# How does one use NSum within NIntegrate properly?

If I use symbolic integration for the following:

Sum[Integrate[i + x, {x, 1, 7}], {i, 1, 7}]


336

as one can see it gives the answer as it seems to 'understand' the sum integral.

However with

NSum[NIntegrate[i + x, {x, 1, 7}], {i, 1, 7}]


NIntegrate::inumr: The integrand i+x has evaluated to non-numerical values for all sampling points in the region with boundaries {{1,7}}.

336.

As one can see it does not seem to know that $$i$$ is 1 I think or something like that.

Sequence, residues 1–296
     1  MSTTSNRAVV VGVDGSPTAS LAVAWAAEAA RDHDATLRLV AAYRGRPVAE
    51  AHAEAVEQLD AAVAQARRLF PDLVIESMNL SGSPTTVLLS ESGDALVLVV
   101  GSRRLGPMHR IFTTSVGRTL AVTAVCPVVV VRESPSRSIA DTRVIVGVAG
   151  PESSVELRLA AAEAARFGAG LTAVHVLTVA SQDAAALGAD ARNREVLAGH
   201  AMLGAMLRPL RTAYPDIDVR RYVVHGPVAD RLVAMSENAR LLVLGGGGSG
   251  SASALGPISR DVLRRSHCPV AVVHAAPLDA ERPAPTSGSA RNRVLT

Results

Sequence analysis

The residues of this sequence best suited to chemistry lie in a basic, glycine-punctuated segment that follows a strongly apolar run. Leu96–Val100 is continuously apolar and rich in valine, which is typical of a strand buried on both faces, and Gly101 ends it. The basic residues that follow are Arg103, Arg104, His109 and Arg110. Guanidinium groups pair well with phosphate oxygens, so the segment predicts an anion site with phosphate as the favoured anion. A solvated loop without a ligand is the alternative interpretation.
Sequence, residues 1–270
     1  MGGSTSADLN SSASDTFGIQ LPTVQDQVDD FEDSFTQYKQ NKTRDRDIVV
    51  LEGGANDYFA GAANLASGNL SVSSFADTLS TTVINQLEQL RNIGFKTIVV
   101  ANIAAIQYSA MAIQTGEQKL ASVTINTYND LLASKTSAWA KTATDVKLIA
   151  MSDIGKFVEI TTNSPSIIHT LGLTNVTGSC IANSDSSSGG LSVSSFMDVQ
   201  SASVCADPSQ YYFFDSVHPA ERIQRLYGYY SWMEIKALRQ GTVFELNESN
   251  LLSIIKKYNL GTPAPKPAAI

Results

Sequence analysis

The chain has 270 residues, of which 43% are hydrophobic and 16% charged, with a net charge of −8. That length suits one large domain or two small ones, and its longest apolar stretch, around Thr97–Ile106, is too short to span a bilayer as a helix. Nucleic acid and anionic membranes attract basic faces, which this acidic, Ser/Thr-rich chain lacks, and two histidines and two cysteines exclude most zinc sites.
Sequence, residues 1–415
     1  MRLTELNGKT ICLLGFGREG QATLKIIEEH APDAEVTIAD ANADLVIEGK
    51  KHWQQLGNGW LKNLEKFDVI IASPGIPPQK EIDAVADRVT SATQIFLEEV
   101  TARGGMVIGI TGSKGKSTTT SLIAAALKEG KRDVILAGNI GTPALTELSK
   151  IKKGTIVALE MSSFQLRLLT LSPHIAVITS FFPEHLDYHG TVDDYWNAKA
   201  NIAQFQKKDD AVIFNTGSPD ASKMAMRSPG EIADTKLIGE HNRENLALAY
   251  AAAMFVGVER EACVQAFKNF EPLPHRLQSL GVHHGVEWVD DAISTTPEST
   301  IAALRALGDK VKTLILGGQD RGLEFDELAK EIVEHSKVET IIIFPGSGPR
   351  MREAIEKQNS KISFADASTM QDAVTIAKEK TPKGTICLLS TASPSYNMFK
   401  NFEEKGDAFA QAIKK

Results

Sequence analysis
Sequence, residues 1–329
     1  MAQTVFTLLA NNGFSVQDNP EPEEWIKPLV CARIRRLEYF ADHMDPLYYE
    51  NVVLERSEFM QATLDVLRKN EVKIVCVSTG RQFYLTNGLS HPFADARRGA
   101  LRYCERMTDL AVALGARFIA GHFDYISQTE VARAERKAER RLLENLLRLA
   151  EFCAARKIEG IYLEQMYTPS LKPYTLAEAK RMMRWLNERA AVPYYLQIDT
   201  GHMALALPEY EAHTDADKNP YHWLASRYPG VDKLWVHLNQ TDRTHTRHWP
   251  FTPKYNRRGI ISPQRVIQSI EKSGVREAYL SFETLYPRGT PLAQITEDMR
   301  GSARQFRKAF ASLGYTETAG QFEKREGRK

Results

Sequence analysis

What is the problem and how can I format the numerical functions to do what I want without these errors?

• FWIW: Sum[NIntegrate[...]] works just fine. – AccidentalFourierTransform Jun 24 '19 at 13:28
• Use Quiet[] or ignore it. NSum[] is evaluating its argument symbolically probably to see if it can be differentiated – Michael E2 Jun 24 '19 at 22:09

Define a function that can only be called with a numerical argument $$i$$:
f[i_?NumericQ] := NIntegrate[i + x, {x, 1, 7}]

NSum[f[i], {i, 1, 7}]